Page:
|Is it possible that the talented EJ Manuel could be the next RG3? (US Presswire)|
From the sweet home in Alabama to the most distasteful parts of the sport, college football tends to produce its own preseason show. Good and bad.
Storylines? We got 'em as a rocky offseason can't end fast enough. Let's hope that football saves us, as it usually does starting with the annual 25 Things To Watch.
1. The Joy of SixIf you don't have a rooting interest, you're probably tired of hearing about it but the SEC is really, really good.
• A seventh consecutive national championship would tie the Pac-8's record (all by UCLA basketball) for major-college revenue sports.
|More on upcoming season|
• Thirty-four of the 124 FBS head coaches once were full-time SEC assistants. That's more than a quarter -- 27 percent -- of major-college coaches having been taught in the Strength Everywhere Conference.
• Of those 34, 18 were hired directly from the SEC including Bob Stoops, Bo Pelini, and Charlie Strong. Don't forget that Urban Meyer and Lane Kiffin came from SEC head coaching jobs to their current gigs. (Thanks to Dave Matter, Columbia Tribune)
2. The Message
No matter where you come down on the Penn State sanctions, it was a historic day last month when Mark Emmert dropped that weapon of mass destruction on the Nits.
Yes, he circumvented the enforcement and infractions process (with the help of the executive committee and board of directors), but if that weapon has the desired effect, the tactic may never be used again. College athletics would be scared straight.
No more worshipping at the altar of football. No more tail wagging the dog. No more coach/administrator giving a second thought to hiding information that might lead to "bad publicity."
"The sports themselves have become too big to fail," Emmert said, "indeed too big to challenge."
Not anymore. Unless The Message wasn't heard.
3. Banned substances
Postseason ineligibility also defined the offseason.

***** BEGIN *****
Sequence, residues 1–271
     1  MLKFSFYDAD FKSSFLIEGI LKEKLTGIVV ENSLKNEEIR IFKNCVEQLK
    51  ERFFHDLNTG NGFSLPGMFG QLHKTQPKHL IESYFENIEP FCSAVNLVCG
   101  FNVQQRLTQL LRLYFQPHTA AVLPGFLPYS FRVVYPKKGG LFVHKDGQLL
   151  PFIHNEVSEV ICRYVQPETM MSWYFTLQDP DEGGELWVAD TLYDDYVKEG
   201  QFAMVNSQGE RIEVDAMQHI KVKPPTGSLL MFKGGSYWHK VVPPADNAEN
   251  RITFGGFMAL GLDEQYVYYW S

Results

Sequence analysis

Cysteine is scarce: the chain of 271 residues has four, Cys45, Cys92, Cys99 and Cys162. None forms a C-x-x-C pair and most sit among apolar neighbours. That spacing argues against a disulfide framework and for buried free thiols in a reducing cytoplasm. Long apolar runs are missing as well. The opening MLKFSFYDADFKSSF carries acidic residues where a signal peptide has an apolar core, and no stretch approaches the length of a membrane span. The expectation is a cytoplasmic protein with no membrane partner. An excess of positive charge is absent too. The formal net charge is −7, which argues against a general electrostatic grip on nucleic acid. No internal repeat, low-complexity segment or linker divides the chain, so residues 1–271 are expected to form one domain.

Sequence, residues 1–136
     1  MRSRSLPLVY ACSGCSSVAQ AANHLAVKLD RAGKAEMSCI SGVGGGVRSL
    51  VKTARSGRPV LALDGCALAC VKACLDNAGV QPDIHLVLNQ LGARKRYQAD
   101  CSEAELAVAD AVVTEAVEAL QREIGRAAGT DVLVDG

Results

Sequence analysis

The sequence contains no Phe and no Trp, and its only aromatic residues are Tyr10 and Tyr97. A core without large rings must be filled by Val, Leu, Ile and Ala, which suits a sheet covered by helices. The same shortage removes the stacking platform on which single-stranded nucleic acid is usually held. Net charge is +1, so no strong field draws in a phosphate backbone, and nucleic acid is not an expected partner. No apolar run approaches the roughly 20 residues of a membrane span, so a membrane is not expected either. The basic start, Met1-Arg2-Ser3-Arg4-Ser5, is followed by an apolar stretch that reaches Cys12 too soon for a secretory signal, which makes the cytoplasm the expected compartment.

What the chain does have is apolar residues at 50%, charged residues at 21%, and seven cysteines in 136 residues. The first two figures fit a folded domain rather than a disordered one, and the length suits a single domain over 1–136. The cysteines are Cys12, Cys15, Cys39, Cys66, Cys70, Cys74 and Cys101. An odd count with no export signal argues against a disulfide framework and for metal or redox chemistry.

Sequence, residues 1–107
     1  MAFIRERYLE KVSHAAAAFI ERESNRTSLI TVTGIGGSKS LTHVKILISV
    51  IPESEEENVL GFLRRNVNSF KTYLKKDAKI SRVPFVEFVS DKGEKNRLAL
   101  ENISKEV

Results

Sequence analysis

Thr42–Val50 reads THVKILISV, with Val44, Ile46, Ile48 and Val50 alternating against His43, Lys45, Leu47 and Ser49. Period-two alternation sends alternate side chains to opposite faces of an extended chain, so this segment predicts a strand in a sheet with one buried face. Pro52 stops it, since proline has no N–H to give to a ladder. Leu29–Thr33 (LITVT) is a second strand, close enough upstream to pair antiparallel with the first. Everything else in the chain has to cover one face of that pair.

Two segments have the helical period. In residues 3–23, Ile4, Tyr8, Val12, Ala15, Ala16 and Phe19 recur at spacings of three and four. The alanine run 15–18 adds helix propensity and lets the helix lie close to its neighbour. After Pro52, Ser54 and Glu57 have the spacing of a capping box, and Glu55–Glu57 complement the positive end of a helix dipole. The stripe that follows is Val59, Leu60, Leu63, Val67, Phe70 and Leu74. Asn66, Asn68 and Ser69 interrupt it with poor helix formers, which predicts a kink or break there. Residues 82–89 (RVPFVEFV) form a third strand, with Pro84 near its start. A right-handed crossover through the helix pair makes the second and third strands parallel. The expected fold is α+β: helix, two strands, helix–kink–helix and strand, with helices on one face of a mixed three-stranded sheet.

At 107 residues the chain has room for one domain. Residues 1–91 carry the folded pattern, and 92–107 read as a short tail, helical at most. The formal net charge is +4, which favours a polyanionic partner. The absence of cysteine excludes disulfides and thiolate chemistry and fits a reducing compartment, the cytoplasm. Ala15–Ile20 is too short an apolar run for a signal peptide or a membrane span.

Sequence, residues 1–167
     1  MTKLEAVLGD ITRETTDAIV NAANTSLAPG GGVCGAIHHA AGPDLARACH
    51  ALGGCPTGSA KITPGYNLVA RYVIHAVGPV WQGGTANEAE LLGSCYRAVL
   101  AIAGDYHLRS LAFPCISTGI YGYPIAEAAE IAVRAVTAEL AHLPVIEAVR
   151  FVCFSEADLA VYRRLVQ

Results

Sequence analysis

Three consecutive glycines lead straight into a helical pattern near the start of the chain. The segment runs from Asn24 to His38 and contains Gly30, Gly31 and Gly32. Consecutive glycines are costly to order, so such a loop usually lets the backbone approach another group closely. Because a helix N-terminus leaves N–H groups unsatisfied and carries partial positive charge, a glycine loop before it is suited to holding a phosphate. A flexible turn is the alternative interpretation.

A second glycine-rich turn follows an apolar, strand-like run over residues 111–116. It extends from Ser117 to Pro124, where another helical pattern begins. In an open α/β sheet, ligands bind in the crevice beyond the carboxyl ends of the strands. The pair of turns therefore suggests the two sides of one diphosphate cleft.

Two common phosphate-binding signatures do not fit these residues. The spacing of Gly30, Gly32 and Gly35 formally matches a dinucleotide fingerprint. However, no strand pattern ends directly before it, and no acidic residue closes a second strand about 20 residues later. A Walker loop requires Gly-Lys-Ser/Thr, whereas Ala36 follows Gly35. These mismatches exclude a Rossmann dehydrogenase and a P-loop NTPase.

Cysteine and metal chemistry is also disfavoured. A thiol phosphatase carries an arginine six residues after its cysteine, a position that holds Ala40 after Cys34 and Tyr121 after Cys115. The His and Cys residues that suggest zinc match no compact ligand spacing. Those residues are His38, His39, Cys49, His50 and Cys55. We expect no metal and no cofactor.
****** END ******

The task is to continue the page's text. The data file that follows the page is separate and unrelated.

There are four schools (and counting?) ineligible for bowls this season. It was bound to happen, but twice this season both teams on the field will be playing for nothing but pride:
• Sept. 8: Central Florida visits Ohio State
• Oct. 27: Penn State plays at Ohio State
4. All-Castoff Team
Which leads us to the second-most popular offseason activity: Getting yourself kicked off the squad, punting your scholarship, upchucking your future.
Boys will be boys but some have been extremely stupid, to the point that bloggers Matt Hinton, Bryan Fischer and Tom Fornelli combined on CBSSports.com's All-Castoff Team.
Their discovery: There are enough bad boys to populate an entire starting 22. Until Friday, Rhett Bomar set the standard for stupidity. In 2006, he was going to be Oklahoma's starting quarterback until Bomar fell off the radar.
Then along came Tyrann Mathieu ...
There will be one. You don't take an All-American Heisman finalist out of the defensive backfield and get better.
This being LSU, though, there is plenty of depth and the offense will be better. Will redshirt freshman Jalen Collins be picked on at corner? Absolutely, but first opposing quarterbacks have to be able to get the pass off.
6. Who Is No. 1?
The feeling here (me) and at CBSSports.com (our preseason top 25 released Monday) is that LSU doesn't have Miles to go.
The Tigers have something to prove, having been No. 1 for 11 weeks last season before a thud in the BCS championship game. They are better at quarterback with Zach Mettenberger. They have perhaps the best tailback depth in the country. Alabama comes to Baton Rouge.
What's not to like?
7. Who was No. 1?
Oh yeah, the Tide.
Still in the top five, still powerful, the Fightin' Sabans attempt to become the first team to win three titles in four years since Nebraska in 1994, 1995 and 1997. The Huskers wouldn't have gotten there without beating Michigan State by a combined 105-24 in 1995 and 1996 -- the same Michigan State that gave up 50 twice to the Huskers, and was coached by Nick Saban.
It would not be a trend. Saban's teams have given up 50 points five times, none since 1999. The only coach to win three BCS titles goes for No. 4 after losing seven starters on defense. Don't bet against him.
8. We Aren't ...
It seems almost disrespectful to write about Penn State football. It's the culture that valued football over common human decency.
But in the interest of satisfying the State College craving, let me state emphatically: Penn State football will survive and, yes, thrive. USC is the best recent example.
Twenty-six months ago, the USC program was -- in the words of Lane Kiffin -- given its own death penalty. Less than three weeks from kickoff, Kiffin has massaged the roster, coached 'em up and gotten USC back into the top five. Oh yeah, and Matt Barkley stayed.
Just so we all understand that risk outweighs reward when it comes to cheating. Right?
9. Coach of the year
Kiffin, see above.